New Research points to use of genes to detect progression of HIV into AIDS

New Research points to use of genes to detect progression of HIV into AIDS

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By Our Reporter

Did you know that genes could be used to inform us how many years a person living with HIV will take to develop AIDS if he or she is not on treatment? A new study titled: ‘Functional host-genetic loci associated with pediatric HIV-disease progression in Uganda and Botswana’ by Dr. Gerald Mboowa of Makerere University is finding it possible.

His research reveals that after a person is infected with HIV, they are either characterized as Rapid-AIDS progressors (RP) or Long-term non-progressors (LTNP). Rapid progressors develop AIDS symptoms in three years or less after infection whereas the LTNP take more than 10 years to develop symptoms without HIV-treatment.

This research included collecting 314 blood samples (173 from the RP group and 141 from the LTNP), testing them and identifying genes that were common in each of the two groups. A total of 1000 blood samples is expected to be tested before the end of this year.

“After identifying the gene, we’ll use it to screen people who are already infected with HIV to ascertain whether they rapidly progress or will delay progressing to AIDS,” Dr. Mboowa said in an interview.

This ‘gene test’ is timely because it will ensure that health workers prioritize treatment for those in most need (those who rapidly progress towards AIDS). According to Dr. Mboowa, children ought to be prioritized in regard to treatment owing to the fact that they have a weaker immune system compared to adults and have many years to live and benefit.

According to 2018 data from UNAIDS, Uganda has a 67% Anti-Retroviral Therapy (ART) coverage. This puts the country at a lower threshold than the globally set target of 90% of all people diagnosed with HIV being sustained on ART by 2020. In 2018, an estimated 1.4 million Ugandans were living with HIV, and an estimated 23,000 Ugandans died of AIDS-related illnesses.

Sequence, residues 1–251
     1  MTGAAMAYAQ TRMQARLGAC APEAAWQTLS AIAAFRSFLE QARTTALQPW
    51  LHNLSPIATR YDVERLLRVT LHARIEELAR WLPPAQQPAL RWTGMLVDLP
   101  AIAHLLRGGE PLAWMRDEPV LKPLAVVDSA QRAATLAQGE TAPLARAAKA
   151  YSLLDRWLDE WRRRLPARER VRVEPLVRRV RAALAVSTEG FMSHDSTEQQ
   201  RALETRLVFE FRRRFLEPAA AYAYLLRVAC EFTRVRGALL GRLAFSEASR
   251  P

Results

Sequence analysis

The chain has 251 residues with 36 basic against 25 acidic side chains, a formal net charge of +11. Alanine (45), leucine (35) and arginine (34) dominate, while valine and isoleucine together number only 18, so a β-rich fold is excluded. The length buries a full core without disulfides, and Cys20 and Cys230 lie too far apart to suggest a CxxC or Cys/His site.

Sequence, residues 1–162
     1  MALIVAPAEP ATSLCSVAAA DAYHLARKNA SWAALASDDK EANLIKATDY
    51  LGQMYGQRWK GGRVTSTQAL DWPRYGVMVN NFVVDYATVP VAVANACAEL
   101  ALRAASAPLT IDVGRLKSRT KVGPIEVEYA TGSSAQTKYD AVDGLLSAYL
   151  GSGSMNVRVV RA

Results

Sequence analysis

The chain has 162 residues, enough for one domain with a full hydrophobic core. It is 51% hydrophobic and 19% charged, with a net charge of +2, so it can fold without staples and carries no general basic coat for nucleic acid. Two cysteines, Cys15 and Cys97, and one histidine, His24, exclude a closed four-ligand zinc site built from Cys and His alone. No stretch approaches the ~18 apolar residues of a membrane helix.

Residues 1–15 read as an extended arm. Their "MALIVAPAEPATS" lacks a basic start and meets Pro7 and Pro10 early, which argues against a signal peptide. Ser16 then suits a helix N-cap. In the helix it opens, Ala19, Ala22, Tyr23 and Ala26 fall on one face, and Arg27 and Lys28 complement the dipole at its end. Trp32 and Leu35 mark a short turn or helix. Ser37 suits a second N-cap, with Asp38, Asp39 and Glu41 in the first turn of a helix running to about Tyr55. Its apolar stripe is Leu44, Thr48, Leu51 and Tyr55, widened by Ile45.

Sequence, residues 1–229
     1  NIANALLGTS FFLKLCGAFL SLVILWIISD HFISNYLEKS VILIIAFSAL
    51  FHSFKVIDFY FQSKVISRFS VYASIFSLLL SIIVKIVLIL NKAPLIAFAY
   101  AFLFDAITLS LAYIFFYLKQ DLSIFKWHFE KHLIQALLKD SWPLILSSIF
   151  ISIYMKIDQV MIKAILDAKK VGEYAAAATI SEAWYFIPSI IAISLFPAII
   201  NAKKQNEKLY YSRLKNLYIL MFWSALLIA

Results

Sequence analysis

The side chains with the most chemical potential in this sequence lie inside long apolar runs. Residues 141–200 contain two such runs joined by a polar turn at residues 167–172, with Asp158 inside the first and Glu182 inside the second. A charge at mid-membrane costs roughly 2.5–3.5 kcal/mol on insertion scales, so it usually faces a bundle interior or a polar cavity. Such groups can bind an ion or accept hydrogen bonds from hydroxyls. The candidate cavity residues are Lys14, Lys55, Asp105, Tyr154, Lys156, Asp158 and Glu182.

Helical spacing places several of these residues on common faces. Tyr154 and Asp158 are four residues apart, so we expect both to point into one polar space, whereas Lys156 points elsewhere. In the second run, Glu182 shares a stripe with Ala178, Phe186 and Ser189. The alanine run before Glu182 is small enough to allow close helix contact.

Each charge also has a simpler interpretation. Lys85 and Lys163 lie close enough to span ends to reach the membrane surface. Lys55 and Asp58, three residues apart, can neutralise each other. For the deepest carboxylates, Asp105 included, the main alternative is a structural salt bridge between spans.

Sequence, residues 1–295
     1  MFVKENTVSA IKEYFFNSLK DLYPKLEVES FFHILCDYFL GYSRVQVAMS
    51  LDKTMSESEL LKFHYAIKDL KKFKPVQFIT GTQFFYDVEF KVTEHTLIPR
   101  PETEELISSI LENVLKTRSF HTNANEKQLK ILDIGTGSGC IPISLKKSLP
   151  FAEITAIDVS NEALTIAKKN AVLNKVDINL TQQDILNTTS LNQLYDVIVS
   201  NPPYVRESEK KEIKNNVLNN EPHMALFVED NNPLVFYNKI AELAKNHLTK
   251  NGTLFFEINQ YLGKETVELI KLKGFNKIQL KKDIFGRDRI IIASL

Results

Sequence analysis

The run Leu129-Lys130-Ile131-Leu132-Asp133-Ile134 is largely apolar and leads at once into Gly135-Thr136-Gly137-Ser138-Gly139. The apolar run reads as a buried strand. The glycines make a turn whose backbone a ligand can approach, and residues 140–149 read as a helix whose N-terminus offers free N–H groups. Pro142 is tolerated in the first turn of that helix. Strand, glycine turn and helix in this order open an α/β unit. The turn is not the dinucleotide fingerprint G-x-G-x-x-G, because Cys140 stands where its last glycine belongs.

Therefore, the findings from Dr. Mboowa’s study have implications for the current “Test-and-Treat and Treat-for-Life” HIV-treatment policy. Currently, when one tests HIV-positive and is started on treatment for life, it exposes them to the ART long term side effects such as liver and kidney damage. However, some HIV-infected people have natural ability to stay for many years without developing symptoms in absence of HIV-treatment.

“Prioritizing treatment for those most in need will minimize exposure to side effects associated with long term use of ART among people with natural ability to stay long without developing symptoms,” he says. 

When fully developed, the ‘gene test’ will be a major innovation breakthrough in screening people living with HIV and the first of its kind globally. Looking ahead, Dr. Mboowa has developed a computer-based program that he is using to scan and detect characteristics of the gene common in both the RPs and LTNPs.

Dr. Mboowa’s study was funded by the Collaborative African Genomics Network (CAfGEN) and Training Health Researchers into Vocational Excellence in East Africa (THRiVE). He is currently a bioinformatics scientist at the African Center of Excellence in Bioinformatics and Data-Intensive Sciences of the Infectious Disease Institute at Makerere University.

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